But we have rehashed this all before. Time to throw something new into the discussion. I think the thing that will give Google competitive advantage with Android is simply focus. Google is big enough with enough money to focus more smart person time on Google than Apple will with iPhone. Apple seems hell bent on inventing a whole new market with the mythical unicorn tablet. Much like Apple devoted all of its resources to iPhone and let Tiger slip (and come out the door buggy) three years ago, they’ll be focussing resources on the tablet launch while not protecting their rear flank.


Dear Bosco:  Calling the Nexus One an HTC smartphone is like calling the iPhone a Foxconn smartphone.  Neither Apple or Google has manufacturing facilites for anything more than prototypes.  They both use third party OEMs to manufacture their designs, and according to all the open-source intelligence, that is exactly what Google did with the Nexus One, that is, had HTC make it.

I am glad to see you acknowledge that Google has a problems with the various Android phones being a compatible, standard target for all Android applications.

I stand by my statements about certain users and developers’ complaints about Apple’s devices.  While Apple has a conversations with the markets for its devices and with the ever growing legions of developers for its devices, its overwhelming success in those markets and its large and rapidly growing list of applications for its devices is incontrovertible evidence that it listens well and responds with products and service that find great favor with its customers and developers, as a whole.

Resource, neither human, physical, or financial, will give Google any advantage over Apple in developing the iPhone.  Apple has 34 billion dollars in short-term securities and cash and that amount is growing rapidly, and it has simultaneously been working on a tablet and the iPhone for at least three of the six years that it has been developing its table, yet it produced the revolutionary iPhone.  The iPhone and tablet are in an independent division, headed by its own Senior VP, Mr. Forstall, who reports directly to Steve Jobs.  And Mr. Jobs has spared no expense in developing the iPhone.  And, as has been recently reported, the iPhone and the tablet are synergistic products.  It seems that Apple has been working on the tablet longer than the iPhone, and that Apple developed many of the innovation in the iPhone for the tablet first.  Thus, the tablet and iPhone are related heuristic and synergistic products that have yielded innovative technologies for both platforms, which is an advantage in developing Android smartphones that Google doesn’t have   Therefore, for the foregoing reasons and more, resources will not give Google any advantage in developing Android.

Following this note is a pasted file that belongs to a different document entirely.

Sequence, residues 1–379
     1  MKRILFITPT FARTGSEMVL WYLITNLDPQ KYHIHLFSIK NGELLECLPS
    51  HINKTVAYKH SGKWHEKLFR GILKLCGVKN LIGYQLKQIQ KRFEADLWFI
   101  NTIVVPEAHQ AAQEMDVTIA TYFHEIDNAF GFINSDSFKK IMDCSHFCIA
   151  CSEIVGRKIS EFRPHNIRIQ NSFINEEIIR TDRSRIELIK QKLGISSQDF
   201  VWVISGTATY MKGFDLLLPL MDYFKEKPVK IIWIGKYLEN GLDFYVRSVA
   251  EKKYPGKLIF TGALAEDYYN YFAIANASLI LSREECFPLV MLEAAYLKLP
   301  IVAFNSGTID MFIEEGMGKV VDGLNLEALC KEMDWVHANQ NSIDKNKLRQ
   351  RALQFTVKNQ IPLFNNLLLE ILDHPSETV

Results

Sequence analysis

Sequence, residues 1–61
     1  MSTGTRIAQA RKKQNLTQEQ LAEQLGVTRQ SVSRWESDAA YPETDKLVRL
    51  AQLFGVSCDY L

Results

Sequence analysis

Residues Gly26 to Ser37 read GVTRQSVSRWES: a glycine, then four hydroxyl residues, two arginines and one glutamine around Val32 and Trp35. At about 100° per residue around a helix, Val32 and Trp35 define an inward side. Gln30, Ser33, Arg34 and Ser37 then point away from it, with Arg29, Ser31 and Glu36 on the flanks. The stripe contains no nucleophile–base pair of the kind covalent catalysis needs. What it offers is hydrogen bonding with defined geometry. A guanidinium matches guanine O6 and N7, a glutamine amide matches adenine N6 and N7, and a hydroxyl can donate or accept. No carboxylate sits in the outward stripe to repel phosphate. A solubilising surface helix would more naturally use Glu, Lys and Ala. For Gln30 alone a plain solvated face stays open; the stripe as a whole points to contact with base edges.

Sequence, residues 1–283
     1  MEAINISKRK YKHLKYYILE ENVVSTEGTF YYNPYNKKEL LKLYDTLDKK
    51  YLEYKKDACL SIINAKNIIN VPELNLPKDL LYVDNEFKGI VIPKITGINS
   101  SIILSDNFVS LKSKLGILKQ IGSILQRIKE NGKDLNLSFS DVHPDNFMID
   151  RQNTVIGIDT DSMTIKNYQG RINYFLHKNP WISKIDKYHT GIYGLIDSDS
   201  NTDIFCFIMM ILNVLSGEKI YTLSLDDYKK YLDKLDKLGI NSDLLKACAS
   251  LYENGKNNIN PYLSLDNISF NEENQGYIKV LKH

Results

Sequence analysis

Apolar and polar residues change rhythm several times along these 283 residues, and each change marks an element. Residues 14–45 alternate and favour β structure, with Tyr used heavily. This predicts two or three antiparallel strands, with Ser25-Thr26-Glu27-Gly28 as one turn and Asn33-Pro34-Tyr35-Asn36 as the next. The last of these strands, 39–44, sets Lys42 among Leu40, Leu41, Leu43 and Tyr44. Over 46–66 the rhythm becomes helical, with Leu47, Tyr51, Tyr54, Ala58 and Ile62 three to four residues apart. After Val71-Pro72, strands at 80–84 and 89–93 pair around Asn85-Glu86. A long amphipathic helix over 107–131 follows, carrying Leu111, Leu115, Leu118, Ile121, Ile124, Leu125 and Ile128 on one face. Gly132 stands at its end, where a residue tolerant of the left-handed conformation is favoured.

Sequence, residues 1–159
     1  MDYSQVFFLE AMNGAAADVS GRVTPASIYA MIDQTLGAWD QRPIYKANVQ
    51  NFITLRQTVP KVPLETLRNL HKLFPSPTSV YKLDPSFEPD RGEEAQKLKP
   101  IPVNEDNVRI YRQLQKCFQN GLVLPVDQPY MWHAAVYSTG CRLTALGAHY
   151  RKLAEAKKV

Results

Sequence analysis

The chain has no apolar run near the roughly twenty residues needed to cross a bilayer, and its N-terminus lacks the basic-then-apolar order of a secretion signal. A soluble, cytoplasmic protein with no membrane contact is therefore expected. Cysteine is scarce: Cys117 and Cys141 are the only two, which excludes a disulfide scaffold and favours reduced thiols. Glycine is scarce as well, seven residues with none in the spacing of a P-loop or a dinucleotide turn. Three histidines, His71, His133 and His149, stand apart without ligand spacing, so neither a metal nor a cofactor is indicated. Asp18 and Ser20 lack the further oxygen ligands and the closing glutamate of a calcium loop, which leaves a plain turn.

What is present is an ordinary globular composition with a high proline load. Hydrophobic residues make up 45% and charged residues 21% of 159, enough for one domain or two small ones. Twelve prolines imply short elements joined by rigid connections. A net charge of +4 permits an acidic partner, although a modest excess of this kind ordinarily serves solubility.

When you look at the sheer number of people who build Hacintoshes or jailbreak iPhones, the consumer side of the conversation seems to be a substantial F-You to Apple over terms of service, even at potential legal risk to those consumers.

How many people build Hackintoshes? 100? 500? Apple sells millions of Macs per year. To be significant, there would have to be at least a million Hackintoshes.

Same question about jailbroken iPhones, though, in that case, Apple gets all the money but none of the support costs.

Bosco (Brad Hutchings)

Some estimates indicate that 10% of iPhones are jailbroken. Hackintoshes are in the tens of thousands, easily, judging from number of downloads of various recipes and replacement pieces in the various forums I’ve looked at. Google “cheap Mac”. The fifth upaid listing is a Hackintosh reference. I’m actually trying to gather some data on this, and I have a couple friends in IT departments at colleges who I’m brainstorming with to find out how overt it is on campus now. Battery life alone would justify Hackintoshing if you don’t have jitters about violating Apple’s SLA. I suspect it’s already out of Apple’s ability to affect any control whether they like it or not.

From TFA… One weirdness in the Terms of Sale that we quickly glanced through was that Google made sure you acknowledged that the manufacturer is HTC, and not Google. It reminds me of the iPhone TOS which say I should call Foxconn for support. Nemo, I’m just pointing out that some of the obvious facts don’t support your complete rosy scenario for Apple. You guys all know my rooting interest and bias in this. Just admit that you have one too and the discussion stays interesting.


Dear Bosco:  Calling the Nexus One an HTC smartphone is like calling the iPhone a Foxconn smartphone.  Neither Apple or Google has manufacturing facilites for anything more than prototypes.  They both use third party OEMs to manufacture their designs, and according to all the open-source intelligence, that is exactly what Google did with the Nexus One, that is, had HTC make it.